Free Walking Tour Berlin

When: Every day 10am & 12pm every day
Where: The meeting point is in front of the ehemaliges Kaiserliches Postfuhramt Berlin, Oranienburger Straße, 10117 Berlin, Germany, next to the entrance.
Price: Free

Where Was the Berlin Wall Built?

by | Mar 7, 2024 | Walking Tour

The Berlin Wall was one of the most significant landmarks in history. Built to divide the city of Berlin and symbolize the Cold War division of Germany, it stood from 1961 to 1989. If you’re an absolute beginner on the topic, you might be wondering where exactly the Berlin Wall was located. Let’s explore the geography of the wall in this blog post.

The Location of the Berlin Wall

The Berlin Wall spanned a total length of approximately 155 kilometers (96 miles) and encircled West Berlin, the western part of the city that was controlled by the Western Allies, including the United States, United Kingdom, and France. The wall also effectively divided East Germany from West Germany, symbolizing the separation between the Soviet Union’s influence in the east and the Western bloc in the west.

Inner City Locations

Within the city of Berlin, the wall ran through various neighborhoods, cutting through streets, parks, and even buildings. Some key locations along the wall included:

  • Brandenburg Gate: The iconic Brandenburg Gate, located in the heart of Berlin, was situated in the no man’s land between the inner and outer walls of the Berlin Wall. It served as a powerful symbol of the division and would later become a site of celebration after the wall fell in 1989.
  • Potsdamer Platz: This bustling square in the city center was entirely divided by the wall, and its reconstruction became a symbol of unity after reunification.
  • Checkpoint Charlie: One of the most famous crossing points between East and West Berlin, Checkpoint Charlie was heavily fortified during the division. Today, a replica of the checkpoint booth stands as a reminder of the past.

Outer Areas

Beyond the city center, the Berlin Wall passed through several rural areas, fields, and even bodies of water. Here are a few notable areas:

  • Glienicke Bridge: This bridge, located southwest of central Berlin, became known as the “Bridge of Spies” due to the exchange of captured spies that took place there during the Cold War. It connected the American sector of Berlin with Potsdam in East Germany.
  • Thousand-Meter Dash: This name is given to a particularly dangerous section of the wall located near the Teltow Canal, where East Germans attempted to swim across to the West.

Effects on the City

The Berlin Wall had profound effects on the city and its residents. It physically divided families, friends, and communities. It caused socio-economic disparities and political tensions. The stark contrast between life in East and West Berlin was evident along the wall, with the West prospering and the East experiencing many hardships.

However, on November 9, 1989, the wall finally came down, leading to the reunification of East and West Germany. Today, the Berlin Wall serves as a reminder of the city’s history and the enduring human spirit that overcomes division and oppression.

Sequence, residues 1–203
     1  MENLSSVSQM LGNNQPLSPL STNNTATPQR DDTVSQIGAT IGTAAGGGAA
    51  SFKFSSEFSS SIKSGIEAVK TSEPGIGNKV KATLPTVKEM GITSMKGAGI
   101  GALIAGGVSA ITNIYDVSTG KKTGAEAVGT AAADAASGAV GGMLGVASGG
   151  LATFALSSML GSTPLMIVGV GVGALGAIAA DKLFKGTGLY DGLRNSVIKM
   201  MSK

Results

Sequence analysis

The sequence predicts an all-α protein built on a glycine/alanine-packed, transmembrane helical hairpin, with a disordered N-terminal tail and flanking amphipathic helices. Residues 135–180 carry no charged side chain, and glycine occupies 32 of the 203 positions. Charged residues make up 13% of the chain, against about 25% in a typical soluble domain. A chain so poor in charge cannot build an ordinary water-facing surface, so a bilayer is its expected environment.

Visiting the Berlin Wall Today

Visiting the Berlin Wall can be a powerful and educational experience. While the original wall has mostly been demolished, several sections and landmarks remain:

  • East Side Gallery: This section of the wall, located along the Spree River, features a series of vibrant murals painted by artists from around the world. It is a testament to freedom and artistic expression.
  • Memorial to the Berlin Wall: Situated near the Brandenburg Gate, this memorial features a restored section of the wall that allows visitors to gain a sense of its imposing height and the challenges faced by those attempting to cross it.

Exploring these sites provides a glimpse into the past and a chance to reflect on the importance of unity, freedom, and the resilience of the human spirit.


The Berlin Wall was located in the city of Berlin, cutting through various neighborhoods, streets, and landmarks. It served as a stark symbol of the Cold War division between East and West Germany, separating families and communities. Today, while much of the wall is gone, its remnants and associated landmarks stand as a reminder of the city’s history. Visiting these sites can be both educational and thought-provoking, offering a glimpse into a bygone era and a testament to the indomitable human spirit.

Thank you for reading. If you're inspired by the stories of Berlin and want to delve deeper, why not join us on our Free Berlin Walking Tour? It's a wonderful way to immerse yourself in the city's rich history and vibrant culture. We look forward to welcoming you soon.


  • 3.5 hours walking tour
  • Berlin’s major highlights
  • Brandenburg Gate
  • Reichstag and Berlin Wall
  • Historical sites

Free Walking Tour Berlin

When: Every day 10am & 12pm every day
Where: The meeting point is in front of the ehemaliges Kaiserliches Postfuhramt Berlin, Oranienburger Straße, 10117 Berlin, Germany, next to the entrance.
Price: Free